Rebound Effect


Sam Mangwana, an innovator of the Congolese rumba, and his seven-member band will heat up the stage today at Cal State Northridge with a sound stew served up in 10 different languages.

Mangwana blends serious African drum rhythms, delicate syncopated Cuban guitar and a bit of European instrumentation via the accordion to make his music. Mangwana was born in the Congo, where his culture fusion training began at an early age when he attended international concerts.

“He brings together the music of all regions of Africa except the north, which is Arabic,” said Emmanuel Nado, a disc jockey for an African radio program in Santa Clara, Calif.

“His voice is so recognizable. Of the thousands of African artists, you can always pick out Sam Mangwana’s voice.”


The Cuban musical influence was introduced to Africa in the 1960s when Cuban musicians toured the Congo and performed the country-style blues of Cuba called the son.

“When we heard that music, we said, ‘It’s our music that went across the Atlantic Ocean and came back in a suit and tie,’ ” Mangwana said recently. “The music that was played had some European and Indian influences.”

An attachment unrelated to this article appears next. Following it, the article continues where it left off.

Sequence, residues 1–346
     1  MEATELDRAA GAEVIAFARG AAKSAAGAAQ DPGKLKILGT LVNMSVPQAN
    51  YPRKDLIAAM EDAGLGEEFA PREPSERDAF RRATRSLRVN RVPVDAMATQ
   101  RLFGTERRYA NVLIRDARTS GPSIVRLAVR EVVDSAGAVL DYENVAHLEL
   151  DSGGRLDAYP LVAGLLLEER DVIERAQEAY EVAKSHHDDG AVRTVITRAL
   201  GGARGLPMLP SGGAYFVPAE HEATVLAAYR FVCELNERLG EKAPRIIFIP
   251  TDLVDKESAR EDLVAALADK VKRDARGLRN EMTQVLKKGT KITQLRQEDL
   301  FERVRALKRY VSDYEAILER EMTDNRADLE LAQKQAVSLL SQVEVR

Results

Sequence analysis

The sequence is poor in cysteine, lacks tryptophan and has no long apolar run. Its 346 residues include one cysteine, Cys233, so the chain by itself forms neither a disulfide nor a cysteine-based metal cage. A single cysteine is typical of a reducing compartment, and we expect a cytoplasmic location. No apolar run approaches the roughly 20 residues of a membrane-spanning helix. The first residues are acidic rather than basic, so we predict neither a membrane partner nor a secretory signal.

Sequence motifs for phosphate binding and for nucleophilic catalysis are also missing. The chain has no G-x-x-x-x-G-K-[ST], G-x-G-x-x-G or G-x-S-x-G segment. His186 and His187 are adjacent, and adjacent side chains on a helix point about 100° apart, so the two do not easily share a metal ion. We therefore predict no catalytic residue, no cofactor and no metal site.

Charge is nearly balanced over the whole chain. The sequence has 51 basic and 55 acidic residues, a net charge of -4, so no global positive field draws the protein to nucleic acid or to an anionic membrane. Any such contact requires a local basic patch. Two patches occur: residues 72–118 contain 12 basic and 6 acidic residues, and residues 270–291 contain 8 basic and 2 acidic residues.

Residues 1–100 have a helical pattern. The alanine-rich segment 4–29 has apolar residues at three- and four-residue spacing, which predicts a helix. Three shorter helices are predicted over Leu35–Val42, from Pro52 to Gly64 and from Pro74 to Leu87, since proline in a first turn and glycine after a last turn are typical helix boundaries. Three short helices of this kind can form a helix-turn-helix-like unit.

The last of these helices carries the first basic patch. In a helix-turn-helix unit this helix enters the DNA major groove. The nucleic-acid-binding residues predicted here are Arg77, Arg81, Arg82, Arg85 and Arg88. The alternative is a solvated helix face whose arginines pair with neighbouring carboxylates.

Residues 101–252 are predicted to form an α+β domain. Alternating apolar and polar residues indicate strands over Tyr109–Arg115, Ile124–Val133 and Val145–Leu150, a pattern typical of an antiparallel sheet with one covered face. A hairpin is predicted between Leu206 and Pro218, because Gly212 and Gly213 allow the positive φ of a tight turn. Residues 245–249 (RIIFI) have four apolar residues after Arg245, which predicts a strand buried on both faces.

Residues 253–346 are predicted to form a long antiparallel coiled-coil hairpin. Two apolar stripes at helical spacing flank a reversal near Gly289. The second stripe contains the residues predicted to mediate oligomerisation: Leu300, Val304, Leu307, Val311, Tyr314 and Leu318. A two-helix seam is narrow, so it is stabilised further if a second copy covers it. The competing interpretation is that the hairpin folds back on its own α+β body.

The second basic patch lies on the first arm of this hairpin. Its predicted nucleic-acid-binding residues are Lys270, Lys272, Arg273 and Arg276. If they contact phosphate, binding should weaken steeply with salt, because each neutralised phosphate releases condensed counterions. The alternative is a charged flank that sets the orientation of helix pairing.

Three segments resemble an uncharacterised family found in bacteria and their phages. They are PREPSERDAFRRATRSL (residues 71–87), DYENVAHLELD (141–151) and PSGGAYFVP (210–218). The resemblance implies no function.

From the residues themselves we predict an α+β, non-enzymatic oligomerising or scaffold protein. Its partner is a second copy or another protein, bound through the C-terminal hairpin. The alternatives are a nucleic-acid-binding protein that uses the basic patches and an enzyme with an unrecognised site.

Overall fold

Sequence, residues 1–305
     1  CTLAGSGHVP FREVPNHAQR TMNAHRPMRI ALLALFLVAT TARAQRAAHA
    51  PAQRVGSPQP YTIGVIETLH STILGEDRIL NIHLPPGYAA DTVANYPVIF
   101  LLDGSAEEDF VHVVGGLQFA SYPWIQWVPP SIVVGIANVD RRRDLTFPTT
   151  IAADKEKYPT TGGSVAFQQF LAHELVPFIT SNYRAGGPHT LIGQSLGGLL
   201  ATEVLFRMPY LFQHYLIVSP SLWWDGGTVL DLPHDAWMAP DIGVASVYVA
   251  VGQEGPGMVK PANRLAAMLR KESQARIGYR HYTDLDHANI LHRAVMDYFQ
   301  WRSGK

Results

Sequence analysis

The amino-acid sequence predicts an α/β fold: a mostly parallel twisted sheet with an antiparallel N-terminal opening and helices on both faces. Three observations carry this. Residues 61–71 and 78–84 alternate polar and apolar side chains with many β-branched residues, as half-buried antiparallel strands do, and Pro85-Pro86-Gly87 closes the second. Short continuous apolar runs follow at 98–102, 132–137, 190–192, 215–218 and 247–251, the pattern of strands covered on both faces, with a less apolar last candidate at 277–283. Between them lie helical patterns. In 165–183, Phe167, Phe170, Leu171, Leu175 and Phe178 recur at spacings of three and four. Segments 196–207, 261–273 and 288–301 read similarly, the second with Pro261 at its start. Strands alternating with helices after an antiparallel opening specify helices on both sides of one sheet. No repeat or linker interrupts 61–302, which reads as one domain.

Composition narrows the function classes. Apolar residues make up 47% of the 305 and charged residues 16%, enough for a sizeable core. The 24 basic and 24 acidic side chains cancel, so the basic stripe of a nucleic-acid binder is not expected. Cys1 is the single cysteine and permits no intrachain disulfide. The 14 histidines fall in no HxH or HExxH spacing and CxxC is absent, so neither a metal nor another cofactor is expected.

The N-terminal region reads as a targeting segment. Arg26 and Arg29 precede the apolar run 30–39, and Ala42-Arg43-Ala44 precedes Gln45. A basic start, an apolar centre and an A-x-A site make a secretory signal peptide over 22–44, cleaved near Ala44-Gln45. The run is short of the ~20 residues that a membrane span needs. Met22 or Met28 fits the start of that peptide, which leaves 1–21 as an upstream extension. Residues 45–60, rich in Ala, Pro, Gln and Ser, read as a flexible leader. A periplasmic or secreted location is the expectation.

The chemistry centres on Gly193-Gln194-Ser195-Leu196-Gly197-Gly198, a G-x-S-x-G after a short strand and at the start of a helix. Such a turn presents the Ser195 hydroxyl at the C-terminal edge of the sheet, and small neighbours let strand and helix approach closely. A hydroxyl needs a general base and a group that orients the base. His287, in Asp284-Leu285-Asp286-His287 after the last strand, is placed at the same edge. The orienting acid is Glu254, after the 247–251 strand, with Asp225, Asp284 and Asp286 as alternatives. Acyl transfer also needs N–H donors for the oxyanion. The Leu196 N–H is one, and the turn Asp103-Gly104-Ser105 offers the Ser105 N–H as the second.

In the 17th century, slave traders brought Africans to the Americas, the Caribbean islands and Cuba, and when slavery ended, people of African descent returned to their homelands with their music.

“We call it the feedback process,” said Jacqueline DjeDje, professor of ethnomusicology at UCLA. “Things have been taken away and then they are brought back and people tend to recreate them.”


Mangwana said he faces the challenge of blending cultures while preserving his own.

“We are trying to protect ourselves, be original and get some foreign colors, just to develop our music and style,” he said.

“We are respecting our traditional music, but we want to make more progress meeting the other cultures.”



Sam Mangwana performs tonight at 8 at Cal State Northridge Performing Arts Center, 18111 Nordhoff St., Northridge. $15-$9. Call (818) 677-2488.